Beginning a manufacturing process – Part 1

by | March 14, 2010

Our guest blog post this week comes from Erin Wilson, President and Chief Mama of Lots To Say Baby, a manufacturer and designer of funny pacifiers.   She can be reached at  This is part 1 of a 2 part post…


You have the idea of the century; a product that just needs to be out in the marketplace.  Whether it’s the next post-it note or a new take on a old classic you know, that this is the next big thing.  So, you have the idea, Now What?  How do you get it made and into stores?

When the idea of Lots to Say Baby pacifiers was born I had the same question.  I knew that our line of pacifiers was an product that others would find just as fun and funny as my family and friends.  With my background in sales and marketing I was sure the product would be a hit.  I didn’t have any idea on how to begin a line of pacifiers and where to even start was a mystery.  Fortunately, with a 4 month old up at all hours I had a lot of time to research in the middle of the night. 

Talking to other small business owners I realized now that this is the biggest first hurdle for new companies.  This process is what makes the difference between a dream and reality. 

So, where do you start? 

Before deciding if you will manufacture in the US or abroad you need to research some basics on the materials your product will be made of, manufacturing process, and any government regulations that might apply to your product.  Below is a list of resources I have used to research products.  Many of them I continue to use as new questions come up – so keep the list handy!

Google – doesn’t everything start here J  Links and information on the market you are going into, government regulations and basic material information can all be found with just a few keywords.

Mommy Millionaire –Kim Lavine’s first book is full of resources to get you started in your business. It is full of resources and instructions on finding manufacturing resources.  This book was literally my go to guide when I got started.  It is still the book I hand to any small business owner just starting out – it’s that good.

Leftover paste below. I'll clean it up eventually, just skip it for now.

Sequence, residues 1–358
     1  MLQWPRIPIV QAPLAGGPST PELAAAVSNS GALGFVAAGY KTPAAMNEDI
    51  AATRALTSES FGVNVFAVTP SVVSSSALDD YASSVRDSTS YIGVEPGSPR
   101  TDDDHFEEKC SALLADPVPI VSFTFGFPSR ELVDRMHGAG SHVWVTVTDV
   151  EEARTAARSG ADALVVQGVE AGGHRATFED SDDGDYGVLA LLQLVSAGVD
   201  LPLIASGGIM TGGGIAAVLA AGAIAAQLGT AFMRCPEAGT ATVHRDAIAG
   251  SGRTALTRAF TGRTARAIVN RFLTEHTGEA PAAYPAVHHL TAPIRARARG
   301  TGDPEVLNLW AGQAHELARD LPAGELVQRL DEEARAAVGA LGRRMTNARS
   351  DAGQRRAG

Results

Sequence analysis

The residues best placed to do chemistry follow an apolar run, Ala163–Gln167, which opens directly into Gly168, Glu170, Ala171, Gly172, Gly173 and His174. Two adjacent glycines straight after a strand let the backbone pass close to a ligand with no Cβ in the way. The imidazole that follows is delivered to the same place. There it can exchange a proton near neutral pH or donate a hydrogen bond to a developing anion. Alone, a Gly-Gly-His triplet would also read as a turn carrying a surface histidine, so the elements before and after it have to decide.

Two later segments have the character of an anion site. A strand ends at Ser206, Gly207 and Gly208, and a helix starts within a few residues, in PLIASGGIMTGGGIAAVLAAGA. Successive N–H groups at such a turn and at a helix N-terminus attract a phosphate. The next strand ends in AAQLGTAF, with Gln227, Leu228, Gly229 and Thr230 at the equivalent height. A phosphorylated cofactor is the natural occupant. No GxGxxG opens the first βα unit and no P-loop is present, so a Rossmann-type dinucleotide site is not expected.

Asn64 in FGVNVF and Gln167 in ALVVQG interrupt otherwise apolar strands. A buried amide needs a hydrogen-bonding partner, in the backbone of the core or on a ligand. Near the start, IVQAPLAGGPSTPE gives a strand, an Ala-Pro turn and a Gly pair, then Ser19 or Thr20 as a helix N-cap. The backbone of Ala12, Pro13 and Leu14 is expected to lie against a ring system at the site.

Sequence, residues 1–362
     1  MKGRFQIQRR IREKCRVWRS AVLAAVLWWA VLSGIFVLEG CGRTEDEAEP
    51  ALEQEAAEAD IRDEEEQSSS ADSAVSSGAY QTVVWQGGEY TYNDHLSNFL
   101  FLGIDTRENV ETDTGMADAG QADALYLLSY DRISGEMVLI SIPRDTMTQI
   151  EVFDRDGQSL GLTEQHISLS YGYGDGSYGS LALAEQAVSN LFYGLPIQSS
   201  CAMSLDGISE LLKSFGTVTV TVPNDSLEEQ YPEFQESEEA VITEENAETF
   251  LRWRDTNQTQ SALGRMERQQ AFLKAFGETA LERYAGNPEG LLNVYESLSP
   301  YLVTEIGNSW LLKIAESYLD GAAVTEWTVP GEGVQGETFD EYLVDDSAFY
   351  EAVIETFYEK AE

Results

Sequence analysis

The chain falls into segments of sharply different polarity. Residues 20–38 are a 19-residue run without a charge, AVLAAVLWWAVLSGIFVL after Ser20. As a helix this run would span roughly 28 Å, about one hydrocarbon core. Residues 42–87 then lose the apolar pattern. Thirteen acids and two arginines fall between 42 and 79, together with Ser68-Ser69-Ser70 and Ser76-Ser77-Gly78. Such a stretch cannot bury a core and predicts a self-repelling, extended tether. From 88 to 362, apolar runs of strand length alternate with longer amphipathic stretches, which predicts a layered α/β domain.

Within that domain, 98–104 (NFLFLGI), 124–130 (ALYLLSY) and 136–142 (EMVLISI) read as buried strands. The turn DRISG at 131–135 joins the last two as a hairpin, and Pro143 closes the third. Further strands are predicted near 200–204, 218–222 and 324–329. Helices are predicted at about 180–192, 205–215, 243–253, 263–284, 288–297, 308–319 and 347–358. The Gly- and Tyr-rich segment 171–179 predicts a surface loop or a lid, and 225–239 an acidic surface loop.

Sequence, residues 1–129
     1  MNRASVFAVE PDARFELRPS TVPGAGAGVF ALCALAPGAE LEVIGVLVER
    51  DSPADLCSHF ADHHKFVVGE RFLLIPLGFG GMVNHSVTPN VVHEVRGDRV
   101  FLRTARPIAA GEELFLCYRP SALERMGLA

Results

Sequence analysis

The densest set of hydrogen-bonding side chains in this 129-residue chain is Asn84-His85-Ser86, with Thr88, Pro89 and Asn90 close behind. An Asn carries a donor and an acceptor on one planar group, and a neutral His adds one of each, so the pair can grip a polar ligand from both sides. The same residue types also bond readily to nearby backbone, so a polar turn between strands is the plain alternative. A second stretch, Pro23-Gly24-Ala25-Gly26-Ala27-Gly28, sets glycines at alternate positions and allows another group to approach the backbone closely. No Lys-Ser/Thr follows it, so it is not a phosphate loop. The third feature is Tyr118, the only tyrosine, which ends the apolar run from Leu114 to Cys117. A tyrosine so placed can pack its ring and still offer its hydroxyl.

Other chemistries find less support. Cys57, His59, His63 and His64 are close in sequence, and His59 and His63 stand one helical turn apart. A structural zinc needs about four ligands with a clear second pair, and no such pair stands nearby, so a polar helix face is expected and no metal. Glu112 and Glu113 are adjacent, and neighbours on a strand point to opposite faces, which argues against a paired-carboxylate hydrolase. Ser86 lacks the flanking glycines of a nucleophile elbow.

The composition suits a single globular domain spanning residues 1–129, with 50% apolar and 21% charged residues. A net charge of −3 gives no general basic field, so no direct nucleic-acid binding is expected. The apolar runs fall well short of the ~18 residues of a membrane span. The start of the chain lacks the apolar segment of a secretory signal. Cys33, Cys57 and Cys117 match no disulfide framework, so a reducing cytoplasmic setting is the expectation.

Dun & Bradstreet Million Dollar Database – Your local library’s website will typically give you access to this list of businesses who do revenue of over $1 million.   This is how I found my first manufacturer.  It takes some searching but you can find a lot of information on potential factories through this database.

Networking – both online groups, industry trade groups and local small business groups can be great resources as you learn more about going into production.  I am part of the Mom Entrepreneur group and have found it an incredibly useful resource for questions ranging from manufacturing, fulfillment, marketing and so on.  The key to success with these groups is to make sure you are giving and not just taking.  Be sure to answer questions you can offer guidance on.  There will be times you don’t need much help yourself but can answer others questions. 

Twitter – A great resource for general questions and to make contacts.  I typically tweet general questions because I don’t know the exact audience the tweet is going out to.   If I need more detailed help I can go into details directly with the people who reply to my tweet.  Facebook and LinkedIn are also great resources.  I use the same rules for these as I do for twitter – keep it general in the beginning.  All of these resources have helped me along the way.

Pick up the Phone! – All of your googling and other research will help you find some potential manufacturers for your product within the US.  Give them all a call.  Even if they are not going to be a fit for your product they know their business and therefore can help!  These phone calls and emails are where I found the most industry/product specific information when I was developing our line of pacifiers.  There is no replacement for talking to people who work within their industry.  I learned about plastic injection molding, types of plastics, manufacturing process in a 20 min phone call that would have taken me days to find online.  They also provided recommendations from their experience – information I couldn’t have found without talking to an expert.   Most of the people I talked to didn’t work with baby products and I didn’t use them – but they still provided the information I needed.  When I did talk to the factory I would use I was well versed in plastics and knew more about what I was looking for.

Ok, so now you have all this information and most likely a list of companies you think might be able to help you.  The list will probably be a list of factories and maybe a few sourcing companies that can help you bring your dream to reality.   What next?  The next steps are big and full of even more information and you have a lot to do before we get to that step.  So start your research and tune in for our next post — an interview with sourcing genius Innovative Development’s Kevin Zanardelli.  Kevin has done a great job answering questions about finding and working with manufacturers.